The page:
Try pulling someone up on this kind of BS and often you’ll see the same non-apology every time. In case I hadn’t laboured the point enough, saying that you’re sorry someone got upset or offended or anything similar is not apologising. Not even close.

As much as I enjoy larger-than-life characters in shows like How I Met Your Mother, I’m not a bro, a brogrammer, or any such combination of male stereotypes. I’d like to say that the majority of the men I know don’t ‘bro’ either, but I’d be lying.

There seems to be a ridiculous trend towards men acting like a cross between Jeremy Clarkson, Barney Stinson, and Glenn Quagmire – and it has to stop.


I remember reading the brilliant and provocative poem “First they came…” in a history lesson at school and feeling inspired and empowered – if we are to make the world a better place, I thought, we must all stand together and make it so. We must all speak out, and remind ourselves of what happens when we don’t. This isn’t a job for managers, conference organisers, or any one group of people alone. It’s something we all need to challenge.

1. Think. We’re all responsible for our own words and actions – and ignorance isn’t an excuse. We can’t keep living in a world where “no offence meant” means we can get away with speaking first and thinking later. You own every word you utter.

2. Challenge Expectations. This isn’t a fight for campaigners or picket lines – we all need to challenge the status quo. See a conference with a woeful underrepresentation of women? Ask the organisers about it.

3. Speak Out. It might put you out of your comfort zone to pull someone up on their use of language, derogatory imagery, or inappropriate behaviour - but think about how much more uncomfortable it is for the people who have to live in a world where they are on the recieving end of that kind of thing every single day. Grow up – stop using peer pressure and shyness as an excuse – and we all walk a little taller as a result.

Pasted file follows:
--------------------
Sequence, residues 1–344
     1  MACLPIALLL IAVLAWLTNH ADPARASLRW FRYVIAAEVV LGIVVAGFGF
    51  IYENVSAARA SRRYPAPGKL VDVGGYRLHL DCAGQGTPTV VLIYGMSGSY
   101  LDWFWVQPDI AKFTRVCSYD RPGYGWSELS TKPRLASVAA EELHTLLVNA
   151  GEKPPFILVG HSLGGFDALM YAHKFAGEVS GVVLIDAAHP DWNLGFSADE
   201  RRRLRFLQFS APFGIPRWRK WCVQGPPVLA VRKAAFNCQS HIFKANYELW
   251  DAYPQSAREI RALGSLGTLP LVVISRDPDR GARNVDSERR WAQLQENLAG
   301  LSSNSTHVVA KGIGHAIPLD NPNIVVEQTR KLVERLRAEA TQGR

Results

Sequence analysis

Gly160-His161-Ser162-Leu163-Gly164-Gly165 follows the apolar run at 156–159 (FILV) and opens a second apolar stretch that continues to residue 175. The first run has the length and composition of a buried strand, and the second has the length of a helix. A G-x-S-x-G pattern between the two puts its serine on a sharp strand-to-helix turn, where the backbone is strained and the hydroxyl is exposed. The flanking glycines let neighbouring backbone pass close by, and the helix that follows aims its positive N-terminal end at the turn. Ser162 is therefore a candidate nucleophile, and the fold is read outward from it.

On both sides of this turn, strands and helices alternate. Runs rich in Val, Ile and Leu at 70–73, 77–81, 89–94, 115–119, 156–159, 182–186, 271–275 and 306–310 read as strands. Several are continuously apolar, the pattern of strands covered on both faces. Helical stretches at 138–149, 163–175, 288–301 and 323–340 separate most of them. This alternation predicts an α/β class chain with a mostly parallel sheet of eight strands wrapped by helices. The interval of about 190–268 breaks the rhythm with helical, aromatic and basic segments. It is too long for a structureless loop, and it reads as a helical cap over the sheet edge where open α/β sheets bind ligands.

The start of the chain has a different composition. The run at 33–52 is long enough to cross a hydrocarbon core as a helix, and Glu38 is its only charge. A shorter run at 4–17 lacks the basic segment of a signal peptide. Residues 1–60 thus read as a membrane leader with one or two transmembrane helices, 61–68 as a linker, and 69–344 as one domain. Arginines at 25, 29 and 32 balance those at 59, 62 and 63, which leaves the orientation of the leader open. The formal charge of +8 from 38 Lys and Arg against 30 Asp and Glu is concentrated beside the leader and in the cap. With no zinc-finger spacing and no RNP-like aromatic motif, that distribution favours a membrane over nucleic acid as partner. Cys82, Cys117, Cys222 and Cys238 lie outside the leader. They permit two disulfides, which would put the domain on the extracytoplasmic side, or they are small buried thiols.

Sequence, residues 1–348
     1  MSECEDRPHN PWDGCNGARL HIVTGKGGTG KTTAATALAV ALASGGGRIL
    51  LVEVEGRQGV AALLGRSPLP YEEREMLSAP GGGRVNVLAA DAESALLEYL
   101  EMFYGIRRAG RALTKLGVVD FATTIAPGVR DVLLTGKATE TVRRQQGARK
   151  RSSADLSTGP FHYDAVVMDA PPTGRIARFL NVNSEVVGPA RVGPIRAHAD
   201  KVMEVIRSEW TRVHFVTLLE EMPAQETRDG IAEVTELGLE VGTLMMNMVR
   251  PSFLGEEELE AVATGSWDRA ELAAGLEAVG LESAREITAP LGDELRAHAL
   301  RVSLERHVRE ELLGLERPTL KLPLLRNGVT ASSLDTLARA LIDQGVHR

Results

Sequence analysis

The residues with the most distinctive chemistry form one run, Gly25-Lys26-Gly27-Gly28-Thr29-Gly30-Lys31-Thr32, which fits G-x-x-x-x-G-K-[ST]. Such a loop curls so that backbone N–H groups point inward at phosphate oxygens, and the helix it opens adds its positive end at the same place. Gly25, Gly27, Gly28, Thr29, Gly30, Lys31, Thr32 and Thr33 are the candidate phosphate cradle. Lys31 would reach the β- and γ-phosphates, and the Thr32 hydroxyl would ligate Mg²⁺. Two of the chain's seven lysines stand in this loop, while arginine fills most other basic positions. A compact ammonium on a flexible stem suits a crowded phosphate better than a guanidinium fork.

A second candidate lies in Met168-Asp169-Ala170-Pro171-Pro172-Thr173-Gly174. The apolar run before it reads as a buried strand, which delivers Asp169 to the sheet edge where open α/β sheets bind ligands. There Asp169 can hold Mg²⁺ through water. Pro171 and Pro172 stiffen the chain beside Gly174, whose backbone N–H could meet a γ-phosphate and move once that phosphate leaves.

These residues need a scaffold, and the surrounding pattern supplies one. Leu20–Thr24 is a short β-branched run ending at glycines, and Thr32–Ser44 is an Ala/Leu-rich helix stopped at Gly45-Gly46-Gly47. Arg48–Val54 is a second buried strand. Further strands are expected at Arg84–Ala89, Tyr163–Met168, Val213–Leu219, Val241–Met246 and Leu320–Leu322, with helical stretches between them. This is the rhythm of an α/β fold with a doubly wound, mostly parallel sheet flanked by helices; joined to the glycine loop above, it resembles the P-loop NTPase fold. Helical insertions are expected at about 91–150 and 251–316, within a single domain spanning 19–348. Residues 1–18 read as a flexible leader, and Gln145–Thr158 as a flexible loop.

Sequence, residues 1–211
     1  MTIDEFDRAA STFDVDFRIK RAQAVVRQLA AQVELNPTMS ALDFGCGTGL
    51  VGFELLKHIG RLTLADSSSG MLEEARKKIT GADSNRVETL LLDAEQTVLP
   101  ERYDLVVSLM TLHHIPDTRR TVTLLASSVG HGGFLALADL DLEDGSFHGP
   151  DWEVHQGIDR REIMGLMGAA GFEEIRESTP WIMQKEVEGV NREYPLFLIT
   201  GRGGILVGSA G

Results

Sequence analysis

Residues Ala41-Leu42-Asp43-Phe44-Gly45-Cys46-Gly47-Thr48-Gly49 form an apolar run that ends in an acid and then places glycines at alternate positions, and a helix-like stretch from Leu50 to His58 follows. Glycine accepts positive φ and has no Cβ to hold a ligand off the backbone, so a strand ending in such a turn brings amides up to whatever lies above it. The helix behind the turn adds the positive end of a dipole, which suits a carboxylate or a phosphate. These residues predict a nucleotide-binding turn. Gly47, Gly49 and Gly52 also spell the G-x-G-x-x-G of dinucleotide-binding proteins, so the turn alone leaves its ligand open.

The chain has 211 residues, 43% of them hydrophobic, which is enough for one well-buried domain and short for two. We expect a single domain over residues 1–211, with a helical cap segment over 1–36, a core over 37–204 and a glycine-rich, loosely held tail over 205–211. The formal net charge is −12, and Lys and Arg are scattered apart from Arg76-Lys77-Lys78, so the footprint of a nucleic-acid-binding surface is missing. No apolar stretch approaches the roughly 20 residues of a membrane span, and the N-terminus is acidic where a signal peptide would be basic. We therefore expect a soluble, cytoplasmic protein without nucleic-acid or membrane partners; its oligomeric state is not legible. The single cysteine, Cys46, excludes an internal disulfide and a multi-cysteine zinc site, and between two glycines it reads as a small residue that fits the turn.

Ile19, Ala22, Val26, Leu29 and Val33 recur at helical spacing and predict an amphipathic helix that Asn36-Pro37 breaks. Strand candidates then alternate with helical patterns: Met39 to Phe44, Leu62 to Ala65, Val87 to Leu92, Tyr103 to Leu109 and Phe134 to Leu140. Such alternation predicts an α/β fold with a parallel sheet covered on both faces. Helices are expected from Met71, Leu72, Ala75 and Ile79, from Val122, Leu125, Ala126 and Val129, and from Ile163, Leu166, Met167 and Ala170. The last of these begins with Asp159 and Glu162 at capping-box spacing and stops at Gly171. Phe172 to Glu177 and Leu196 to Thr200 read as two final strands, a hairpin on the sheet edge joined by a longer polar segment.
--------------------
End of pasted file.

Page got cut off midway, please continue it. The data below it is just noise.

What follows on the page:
I want to be proud of the industry I love. I want to be able to stand up and talk ad nausium about the diversity and equality within tech communities the world over. I want a day to go by where I don’t see or hear a harrowing tale of racism, sexism or homophobia in the workplace.

It’s down to you. We can be better than this - all of us. Let’s do one another proud.


28 Jun


I was 13 when I first told my best friend Sophie that I wasn’t straight.

We used to spend hours on the phone – back in the days where you had to hang up every hour and call back to keep it free – but I decided I wanted to tell her in person. And just as I was plucking up the courage, she beat me to it by coming out of the closet first. Girls, eh?


One thousand, two hundred and fifty three days ago I wrote a blog post titled “Luck, Love, and Dinner”. It was really the first time I had blogged about sexuality and life as a ‘gay geek’ – I talked about why I never attend Pride, my fear of stereotypes, and meeting someone special at a Gay Geek Dinner.

In the 1.8 million minutes since then I went on to get a civil partnership, change jobs a couple of times, and deepen my love of food (and subsequently my waist size). I moved house, got cats, and inherited a wonderful family. I even passed my driving test.

Just because it’s been three-and-a-half years since I last put stylus to screen on this topic, doesn’t mean there haven’t been things I’ve wanted to say. And, if anything, the past three-and-a-half years have given me more pause for thought on equality than I’ve had before.

As I said in my original blog post, I don’t feel the need to ‘come out’ to people. Who I love isn’t something I should have to announce – less so now that I’m ‘off the market’ so to speak. Yet when people work it out I frequently get comments like “You don’t act like you’re gay” and “I’d never have guessed”. One former colleague in particular would constantly refer to my “wife”, for whatever reason. Things like the defeat of DOMA and the UK’s Marriage Equality act will be a huge step forward – but social equality?